Direct air capture (DAC) specialist Climeworks has taken the latest step on its journey to reach gigatonne carbon capture capacity by starting work on its new DAC and storage facility, Mammoth.

Having begun operations at its flagship Orca facility in September last year (2021), Climeworks is aiming to reach multi-megatonne capacity by 2030 and gigatonne capacity by 2050. 

The company will utilise its recent equity raise of US$650m (£530m) to scale-up its operations by investing in the implementation of large modular DAC facilities. 

Located in Iceland and boasting a nominal carbon dioxide (CO2) capture capacity of 36,000 tonnes per year when fully operational, the plant will be powered by ON Power’s Hellisheiði electricity power plant. 

The plant will also supply renewable power to the CO2 injection sites, which have been developed by Carbfix. 

Read more: Climeworks advances direct air capture with $650m equity funding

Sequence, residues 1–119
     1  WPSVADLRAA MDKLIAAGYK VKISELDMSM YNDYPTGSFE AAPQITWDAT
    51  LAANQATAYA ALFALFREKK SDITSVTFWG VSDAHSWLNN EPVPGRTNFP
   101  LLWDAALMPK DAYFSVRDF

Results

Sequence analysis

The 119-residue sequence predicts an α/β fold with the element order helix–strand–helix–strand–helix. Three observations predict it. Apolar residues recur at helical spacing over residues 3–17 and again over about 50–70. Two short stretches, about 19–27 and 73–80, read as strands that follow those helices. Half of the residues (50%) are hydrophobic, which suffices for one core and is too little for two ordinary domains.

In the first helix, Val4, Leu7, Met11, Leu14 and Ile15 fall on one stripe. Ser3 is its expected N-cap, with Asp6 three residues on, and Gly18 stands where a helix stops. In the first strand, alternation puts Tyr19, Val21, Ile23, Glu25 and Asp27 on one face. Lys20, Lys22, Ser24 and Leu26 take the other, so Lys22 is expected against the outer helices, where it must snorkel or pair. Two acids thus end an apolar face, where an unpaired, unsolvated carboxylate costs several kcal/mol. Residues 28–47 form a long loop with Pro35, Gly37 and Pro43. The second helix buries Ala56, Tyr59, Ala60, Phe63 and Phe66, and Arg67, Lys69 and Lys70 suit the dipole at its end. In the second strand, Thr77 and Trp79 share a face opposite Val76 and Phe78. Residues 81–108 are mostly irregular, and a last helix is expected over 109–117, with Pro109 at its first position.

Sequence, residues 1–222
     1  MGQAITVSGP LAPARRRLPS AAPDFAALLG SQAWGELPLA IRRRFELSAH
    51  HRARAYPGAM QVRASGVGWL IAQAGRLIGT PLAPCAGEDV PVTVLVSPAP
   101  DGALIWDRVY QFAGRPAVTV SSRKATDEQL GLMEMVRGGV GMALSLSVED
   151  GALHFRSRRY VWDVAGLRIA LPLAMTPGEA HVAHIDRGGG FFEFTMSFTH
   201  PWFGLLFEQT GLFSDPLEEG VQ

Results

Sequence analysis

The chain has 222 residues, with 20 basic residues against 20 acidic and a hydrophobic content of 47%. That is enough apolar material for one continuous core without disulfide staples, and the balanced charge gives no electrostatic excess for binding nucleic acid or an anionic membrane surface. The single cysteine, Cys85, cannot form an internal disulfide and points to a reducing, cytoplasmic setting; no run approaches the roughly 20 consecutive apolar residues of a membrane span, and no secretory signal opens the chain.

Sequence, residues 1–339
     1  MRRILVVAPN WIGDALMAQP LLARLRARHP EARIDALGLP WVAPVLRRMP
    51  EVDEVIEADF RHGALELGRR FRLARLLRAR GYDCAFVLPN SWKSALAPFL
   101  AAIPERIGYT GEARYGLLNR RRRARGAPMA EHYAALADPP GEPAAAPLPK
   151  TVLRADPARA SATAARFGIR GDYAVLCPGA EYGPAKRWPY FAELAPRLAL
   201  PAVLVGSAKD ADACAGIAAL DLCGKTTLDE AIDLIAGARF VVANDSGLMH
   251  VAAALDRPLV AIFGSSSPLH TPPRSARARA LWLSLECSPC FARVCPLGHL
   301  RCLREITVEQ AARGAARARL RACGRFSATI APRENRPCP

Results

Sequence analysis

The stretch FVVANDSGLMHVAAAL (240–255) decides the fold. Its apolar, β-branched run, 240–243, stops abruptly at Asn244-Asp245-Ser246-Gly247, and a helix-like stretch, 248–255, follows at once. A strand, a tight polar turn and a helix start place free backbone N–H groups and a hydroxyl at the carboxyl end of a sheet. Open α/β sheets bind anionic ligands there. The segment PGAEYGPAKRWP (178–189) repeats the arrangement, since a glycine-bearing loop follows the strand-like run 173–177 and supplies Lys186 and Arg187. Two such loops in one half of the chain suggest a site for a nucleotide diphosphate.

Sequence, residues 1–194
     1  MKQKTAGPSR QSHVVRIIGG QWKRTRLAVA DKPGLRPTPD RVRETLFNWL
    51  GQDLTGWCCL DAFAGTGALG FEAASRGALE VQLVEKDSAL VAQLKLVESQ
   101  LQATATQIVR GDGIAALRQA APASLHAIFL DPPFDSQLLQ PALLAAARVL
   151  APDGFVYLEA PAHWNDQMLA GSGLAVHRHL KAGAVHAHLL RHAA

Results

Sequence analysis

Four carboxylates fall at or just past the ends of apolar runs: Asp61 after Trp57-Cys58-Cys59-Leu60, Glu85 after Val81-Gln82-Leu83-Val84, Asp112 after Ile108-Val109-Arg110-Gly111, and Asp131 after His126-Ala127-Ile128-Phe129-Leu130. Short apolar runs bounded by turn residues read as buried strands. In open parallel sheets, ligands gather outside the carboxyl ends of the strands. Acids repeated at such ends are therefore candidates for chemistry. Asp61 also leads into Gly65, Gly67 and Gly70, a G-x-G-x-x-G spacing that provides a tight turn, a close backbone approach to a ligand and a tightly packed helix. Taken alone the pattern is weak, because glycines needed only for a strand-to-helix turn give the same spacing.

“With Mammoth, we can leverage our ability to quickly multiply our modular technology and significantly scale our operations,” commented Jan Wurzbacher, Co-Founder, Co-CEO, Climeworks. 

“We are building the foundation for a climate-relevant gigatonne-scale capacity, and we are starting deployment now to remain on track for this.” 

Digital rendering of Mammoth

Digital rendering of Mammoth

Source: Climeworks

Capable of capturing 4,000 tonnes of CO2 per year, Orca was developed after the International Panel on Climate Change (IPCC) emphasised the need for immediate CO2 removal measures to be implemented. 

Read more: ‘World’s largest’ direct air capture and storage plant comes onstream in Iceland

The use of modular and compact stackable container-size collector units helps minimise the project’s carbon footprint, while allowing for efficient replication at locations across the world. 

Having set the standard for DAC, Climeworks hopes to build upon the success of Orca to reach gigatonne by 2050. 

“Nobody has ever built what we are building in DAC, and we are both humble and realistic that the most certain way to be successful is to run the technology in the real world as fast as possible,” said Christoph Gebald, Co-Founder, Co-CEO, Climeworks.